I recently read Trade-Off, Why Some Things Catch On and Others Don’t, by Kevin Maney.
This book surrounds one premise, that for a product to succeed against its competitors, it needs to excel in either Quality (fidelity) or Convenience. In a montage of one example after the next we are given pairs of products as examples of this concept. The fidelity (literally) of MP3 audio is lower that that of a CD, but the convenience is much higher, a dollar or so (assuming you’re not stealing it) and a few seconds download time, and it’s yours. A CD, at best, is a walk or car ride away, or a few days if ordered on line.
The author goes on to discuss how where a product lies on the fidelity/convenience curve will shift over time. Not just to say that it can shift, but that it will. A simple case in point, the iPod. The first models came on the scene as a high priced, high fidelity purchase. Over time, the iTunes store took off but the unique aura surrounding the iPod faded a bit as everyone seemed to have one. As the iPod shifted its position on the curve, Apple introduced the iPhone and gained incredible market acceptance for this new product, again hitting the high point on the fidelity curve as its older products shifted toward convenience.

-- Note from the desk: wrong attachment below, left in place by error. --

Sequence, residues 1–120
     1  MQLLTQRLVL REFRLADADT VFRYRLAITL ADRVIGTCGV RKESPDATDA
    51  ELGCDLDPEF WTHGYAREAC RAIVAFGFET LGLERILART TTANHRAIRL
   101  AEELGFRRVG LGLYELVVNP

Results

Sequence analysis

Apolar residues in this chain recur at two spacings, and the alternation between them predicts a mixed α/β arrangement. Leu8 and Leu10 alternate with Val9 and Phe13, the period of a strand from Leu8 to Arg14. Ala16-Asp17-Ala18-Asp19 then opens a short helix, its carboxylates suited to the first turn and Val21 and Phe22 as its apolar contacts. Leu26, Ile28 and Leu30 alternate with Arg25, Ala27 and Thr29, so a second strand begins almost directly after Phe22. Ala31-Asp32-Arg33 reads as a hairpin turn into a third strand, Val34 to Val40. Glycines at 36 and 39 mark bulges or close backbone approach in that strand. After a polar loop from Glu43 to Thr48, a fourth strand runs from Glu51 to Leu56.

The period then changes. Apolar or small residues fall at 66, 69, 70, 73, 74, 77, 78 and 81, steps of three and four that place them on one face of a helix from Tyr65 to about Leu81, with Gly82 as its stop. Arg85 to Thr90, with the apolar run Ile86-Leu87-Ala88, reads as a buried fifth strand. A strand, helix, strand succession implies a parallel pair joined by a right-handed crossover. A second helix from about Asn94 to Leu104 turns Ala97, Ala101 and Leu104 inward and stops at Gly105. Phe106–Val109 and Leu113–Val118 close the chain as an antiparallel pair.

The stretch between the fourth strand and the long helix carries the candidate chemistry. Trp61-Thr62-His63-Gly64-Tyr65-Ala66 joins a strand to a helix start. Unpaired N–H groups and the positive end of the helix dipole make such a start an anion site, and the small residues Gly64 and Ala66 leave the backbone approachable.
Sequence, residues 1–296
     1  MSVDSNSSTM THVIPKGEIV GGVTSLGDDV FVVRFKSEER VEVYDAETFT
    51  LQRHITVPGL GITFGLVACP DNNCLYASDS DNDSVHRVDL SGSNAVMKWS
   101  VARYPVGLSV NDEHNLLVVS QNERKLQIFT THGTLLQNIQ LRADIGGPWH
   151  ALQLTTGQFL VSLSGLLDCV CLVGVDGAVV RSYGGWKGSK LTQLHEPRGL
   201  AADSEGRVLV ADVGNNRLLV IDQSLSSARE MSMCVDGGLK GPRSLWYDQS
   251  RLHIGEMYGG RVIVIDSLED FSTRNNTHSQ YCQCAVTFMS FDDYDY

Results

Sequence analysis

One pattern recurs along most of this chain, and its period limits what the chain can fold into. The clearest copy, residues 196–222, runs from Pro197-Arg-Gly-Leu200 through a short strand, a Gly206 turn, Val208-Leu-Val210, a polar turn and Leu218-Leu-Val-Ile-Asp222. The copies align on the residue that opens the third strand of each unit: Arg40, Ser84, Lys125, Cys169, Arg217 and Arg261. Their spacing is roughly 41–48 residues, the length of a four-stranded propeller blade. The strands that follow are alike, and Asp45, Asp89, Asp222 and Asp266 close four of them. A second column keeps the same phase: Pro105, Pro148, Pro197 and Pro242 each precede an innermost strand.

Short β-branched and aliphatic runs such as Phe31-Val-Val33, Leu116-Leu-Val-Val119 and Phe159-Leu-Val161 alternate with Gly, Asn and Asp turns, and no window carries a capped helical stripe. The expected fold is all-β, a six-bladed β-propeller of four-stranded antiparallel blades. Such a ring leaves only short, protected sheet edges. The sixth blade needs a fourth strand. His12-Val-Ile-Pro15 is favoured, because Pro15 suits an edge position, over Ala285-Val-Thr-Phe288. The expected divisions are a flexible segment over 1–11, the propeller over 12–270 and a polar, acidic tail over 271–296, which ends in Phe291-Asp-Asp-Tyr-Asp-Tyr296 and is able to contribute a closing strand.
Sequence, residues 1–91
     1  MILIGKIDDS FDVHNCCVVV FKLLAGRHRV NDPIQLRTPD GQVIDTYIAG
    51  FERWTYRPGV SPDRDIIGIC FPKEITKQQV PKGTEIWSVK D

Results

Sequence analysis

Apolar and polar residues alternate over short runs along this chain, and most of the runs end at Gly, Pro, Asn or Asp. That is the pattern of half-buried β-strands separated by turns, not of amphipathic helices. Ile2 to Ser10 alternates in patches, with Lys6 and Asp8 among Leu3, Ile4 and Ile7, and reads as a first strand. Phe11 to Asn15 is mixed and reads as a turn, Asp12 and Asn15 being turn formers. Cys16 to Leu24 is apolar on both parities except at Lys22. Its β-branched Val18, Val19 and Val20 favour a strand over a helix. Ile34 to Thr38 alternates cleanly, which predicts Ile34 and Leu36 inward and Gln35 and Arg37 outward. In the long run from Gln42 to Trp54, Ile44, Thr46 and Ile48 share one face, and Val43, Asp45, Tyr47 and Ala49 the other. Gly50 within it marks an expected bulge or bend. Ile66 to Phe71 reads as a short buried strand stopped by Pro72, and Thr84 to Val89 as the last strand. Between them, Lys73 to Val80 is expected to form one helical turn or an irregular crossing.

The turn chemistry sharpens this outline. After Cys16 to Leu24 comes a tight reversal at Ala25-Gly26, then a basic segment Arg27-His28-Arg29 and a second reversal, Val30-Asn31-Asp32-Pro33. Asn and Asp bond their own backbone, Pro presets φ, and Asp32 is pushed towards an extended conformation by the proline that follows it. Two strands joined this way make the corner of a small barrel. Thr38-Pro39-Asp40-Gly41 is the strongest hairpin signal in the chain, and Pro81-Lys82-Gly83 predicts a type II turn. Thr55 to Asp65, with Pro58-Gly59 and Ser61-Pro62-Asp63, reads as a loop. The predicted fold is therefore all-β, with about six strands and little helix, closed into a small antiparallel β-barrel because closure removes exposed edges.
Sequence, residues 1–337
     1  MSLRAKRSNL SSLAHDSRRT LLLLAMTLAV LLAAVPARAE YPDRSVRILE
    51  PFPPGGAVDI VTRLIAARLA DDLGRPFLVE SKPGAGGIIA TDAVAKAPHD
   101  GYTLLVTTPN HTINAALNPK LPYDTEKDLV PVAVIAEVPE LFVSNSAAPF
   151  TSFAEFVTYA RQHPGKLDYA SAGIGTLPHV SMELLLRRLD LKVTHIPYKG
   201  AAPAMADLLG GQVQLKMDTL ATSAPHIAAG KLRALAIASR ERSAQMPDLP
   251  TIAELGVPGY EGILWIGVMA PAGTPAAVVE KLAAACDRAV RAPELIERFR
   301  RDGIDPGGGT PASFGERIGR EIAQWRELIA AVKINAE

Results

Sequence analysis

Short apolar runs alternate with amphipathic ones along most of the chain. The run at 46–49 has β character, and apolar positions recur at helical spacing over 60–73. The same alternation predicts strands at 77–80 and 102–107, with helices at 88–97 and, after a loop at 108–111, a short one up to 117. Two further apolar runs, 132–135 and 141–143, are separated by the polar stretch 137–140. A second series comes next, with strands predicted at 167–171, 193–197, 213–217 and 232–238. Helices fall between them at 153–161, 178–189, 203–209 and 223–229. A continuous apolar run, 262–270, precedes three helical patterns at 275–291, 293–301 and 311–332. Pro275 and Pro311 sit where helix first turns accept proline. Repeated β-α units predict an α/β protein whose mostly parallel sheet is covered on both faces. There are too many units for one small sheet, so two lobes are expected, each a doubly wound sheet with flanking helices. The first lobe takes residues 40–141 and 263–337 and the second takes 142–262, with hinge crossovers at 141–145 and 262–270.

This book is fast reading, and enjoyable despite its tight focus. Take a read and see if you don’t start to view certain products in a different light.
FTC disclosure – The copy of this book I read was from my public library. No one paid me to read it or write about it. Most links in the sidebars left or right are advertisements, and not personal endorsements.